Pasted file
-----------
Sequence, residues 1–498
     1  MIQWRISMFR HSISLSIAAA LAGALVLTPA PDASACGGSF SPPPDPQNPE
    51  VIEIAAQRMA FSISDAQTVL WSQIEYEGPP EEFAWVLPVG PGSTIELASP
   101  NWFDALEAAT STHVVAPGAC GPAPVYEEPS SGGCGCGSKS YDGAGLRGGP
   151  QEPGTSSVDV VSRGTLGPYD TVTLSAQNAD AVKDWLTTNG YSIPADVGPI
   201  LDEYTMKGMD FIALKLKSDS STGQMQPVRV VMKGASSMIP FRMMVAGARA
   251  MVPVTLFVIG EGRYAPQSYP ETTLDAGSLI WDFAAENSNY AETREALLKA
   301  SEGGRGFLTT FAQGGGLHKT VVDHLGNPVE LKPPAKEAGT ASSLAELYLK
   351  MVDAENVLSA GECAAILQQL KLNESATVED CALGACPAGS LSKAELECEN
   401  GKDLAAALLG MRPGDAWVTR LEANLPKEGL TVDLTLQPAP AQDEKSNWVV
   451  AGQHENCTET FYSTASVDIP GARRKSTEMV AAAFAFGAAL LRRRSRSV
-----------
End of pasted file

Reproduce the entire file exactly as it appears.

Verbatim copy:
Sequence, residues 1–498
     1  MIQWRISMFR HSISLSIAAA LAGALVLTPA PDASACGGSF SPPPDPQNPE
    51  VIEIAAQRMA FSISDAQTVL WSQIEYEGPP EEFAWVLPVG PGSTIELASP
   101  NWFDALEAAT STHVVAPGAC GPAPVYEEPS SGGCGCGSKS YDGAGLRGGP
   151  QEPGTSSVDV VSRGTLGPYD TVTLSAQNAD AVKDWLTTNG YSIPADVGPI
   201  LDEYTMKGMD FIALKLKSDS STGQMQPVRV VMKGASSMIP FRMMVAGARA
   251  MVPVTLFVIG EGRYAPQSYP ETTLDAGSLI WDFAAENSNY AETREALLKA
   301  SEGGRGFLTT FAQGGGLHKT VVDHLGNPVE LKPPAKEAGT ASSLAELYLK
   351  MVDAENVLSA GECAAILQQL KLNESATVED CALGACPAGS LSKAELECEN
   401  GKDLAAALLG MRPGDAWVTR LEANLPKEGL TVDLTLQPAP AQDEKSNWVV
   451  AGQHENCTET FYSTASVDIP GARRKSTEMV AAAFAFGAAL LRRRSRSV